Petitioning an Illegitimate Child

By Reuben Seguritan


One of the ways of immigrating to the United States is through a family petition. This is done by a US citizen or lawful permanent resident (LPR) by filing a Form I-130 Petition for Alien Relative for his spouse or child with the United States Citizenship and Immigration Services (USCIS).

In order to petition a child, the petitioner US citizen or lawful permanent resident must show that the person petitioned or beneficiary is a “child” as defined by law. The term “child” under the Immigration and Nationality Act (INA) generally refers to an unmarried person who is under 21 years of age who is a: a) legitimate or born in-wedlock child; b) legitimate or illegitimate step-child who was under 18 when the step-relationship created; c) a child legitimated before 18, if under the father’s custody at the time of legitimation; d) illegitimate or out-of-wedlock child where relationship is with either parent; e) child adopted before 16 with at least 2 years of legal custody and resident with the parent; and f) certain orphans.

The situation of illegitimate children is often a source of confusion as to whether the US citizen or LPR biological parent can petition them. The illegitimate child could be petitioned by his biological mother as long as she can present a copy of the registered birth certificate of the child indicating that the mother-petitioner is listed as the mother therein. If it is not possible to present the birth certificate, then other evidence may be presented. This could be an official letter (often referred to as a “certificate of nonavailability”) explaining why an acceptable birth certificate cannot be issued. Alternative documents may also include two or more affidavits of birth (sworn letters written by relatives or other persons with personal knowledge of the facts of a child’s birth), as well as medical records, school records, and religious records (such as certificate of baptism issued by a church) showing the names of the mother and the child.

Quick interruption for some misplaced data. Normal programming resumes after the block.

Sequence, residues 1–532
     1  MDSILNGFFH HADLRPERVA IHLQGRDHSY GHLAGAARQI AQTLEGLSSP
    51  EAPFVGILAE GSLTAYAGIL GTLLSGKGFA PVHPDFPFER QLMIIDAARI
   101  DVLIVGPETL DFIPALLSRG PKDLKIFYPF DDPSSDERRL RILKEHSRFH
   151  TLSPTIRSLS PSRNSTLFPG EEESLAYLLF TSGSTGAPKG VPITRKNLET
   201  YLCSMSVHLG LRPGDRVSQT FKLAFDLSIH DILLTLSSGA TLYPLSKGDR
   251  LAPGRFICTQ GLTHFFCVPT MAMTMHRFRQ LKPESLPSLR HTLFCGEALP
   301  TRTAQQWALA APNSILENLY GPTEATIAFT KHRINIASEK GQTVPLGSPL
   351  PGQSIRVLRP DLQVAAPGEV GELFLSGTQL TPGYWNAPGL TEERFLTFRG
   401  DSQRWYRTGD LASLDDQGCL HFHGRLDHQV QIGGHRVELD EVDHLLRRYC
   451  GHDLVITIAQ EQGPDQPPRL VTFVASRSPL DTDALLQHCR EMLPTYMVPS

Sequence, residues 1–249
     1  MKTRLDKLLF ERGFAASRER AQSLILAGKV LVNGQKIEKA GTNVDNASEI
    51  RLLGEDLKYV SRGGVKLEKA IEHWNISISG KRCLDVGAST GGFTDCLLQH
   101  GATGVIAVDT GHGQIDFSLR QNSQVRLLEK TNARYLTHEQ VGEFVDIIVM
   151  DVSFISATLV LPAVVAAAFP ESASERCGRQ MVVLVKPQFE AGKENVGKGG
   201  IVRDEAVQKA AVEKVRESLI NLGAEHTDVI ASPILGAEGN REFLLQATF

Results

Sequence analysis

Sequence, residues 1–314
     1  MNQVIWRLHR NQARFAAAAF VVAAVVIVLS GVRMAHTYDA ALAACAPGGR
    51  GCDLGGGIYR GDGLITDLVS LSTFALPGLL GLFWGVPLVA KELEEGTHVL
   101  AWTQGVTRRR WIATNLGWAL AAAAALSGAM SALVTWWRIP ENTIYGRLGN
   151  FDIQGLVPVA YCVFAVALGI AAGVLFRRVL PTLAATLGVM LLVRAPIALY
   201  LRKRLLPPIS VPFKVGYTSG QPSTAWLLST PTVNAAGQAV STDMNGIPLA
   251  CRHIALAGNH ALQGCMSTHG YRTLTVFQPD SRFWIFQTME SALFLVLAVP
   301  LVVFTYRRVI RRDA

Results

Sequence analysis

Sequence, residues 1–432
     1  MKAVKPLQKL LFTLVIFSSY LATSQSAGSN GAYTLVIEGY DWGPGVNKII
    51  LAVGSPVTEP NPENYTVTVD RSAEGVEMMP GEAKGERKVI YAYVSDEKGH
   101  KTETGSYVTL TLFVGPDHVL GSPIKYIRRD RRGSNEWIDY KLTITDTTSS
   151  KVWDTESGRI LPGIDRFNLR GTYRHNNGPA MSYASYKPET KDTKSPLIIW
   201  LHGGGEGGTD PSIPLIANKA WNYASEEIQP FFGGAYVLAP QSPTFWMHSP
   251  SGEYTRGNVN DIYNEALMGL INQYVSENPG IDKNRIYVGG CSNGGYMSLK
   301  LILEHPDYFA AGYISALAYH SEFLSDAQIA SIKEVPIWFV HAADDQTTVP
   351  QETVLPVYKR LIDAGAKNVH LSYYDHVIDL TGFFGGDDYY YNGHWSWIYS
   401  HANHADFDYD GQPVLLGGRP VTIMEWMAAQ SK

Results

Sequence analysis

However, if the father would be the one to petition the illegitimate child, he must establish that there is a “bona fide” parent-child relationship with the child and he must petition the child while the child was under 21 years and unmarried. This “bona fide” parent-child relationship means there must be an “emotional and/or financial ties” between the father and illegitimate child. This can be shown by attempts to provide child support or communication with or about the child. The evidence submitted can include money order receipts, checks showing child support, insurance documents, school records, private letters between the child and father. Notarized statements from family friends, neighbors, school officials and other persons having personal knowledge of the parent-child relationship may also be submitted.

On the other hand, legitimated children are those who were born out-of-wedlock but subsequently placed in the same position as a legitimate child or a child in-wedlock. Legitimation can be acquired by: 1. the application of the laws of the country or state where the child was born or the laws of the father’s domicile or residence provide for legitimation of children; or 2. Subsequent marriage of the biological parents of the child; or 3. Court decree of legitimation; or 4. Formal recognition of paternity; or 5. Through open acknowledgement of paternity.

In order for the father to bring his legitimated child to the US, the following requirements must be met: 1. Legitimation in accordance with one of the mentioned methods above; 2. The child is under 18 years of age at the time of legitimation; 3. Paternal custody at the time of legitimation and 4. The child is the natural or biological child of the father.

If the legitimation is through marriage of the parents, then the registered marriage certificate must be submitted. If the marriage certificate can not be submitted, submit a certificate of nonavailability in addition to alternative documents. Alternative documents include  affidavits of marriage and religious records stating the date when the marriage was celebrated and witnesses to the marriage.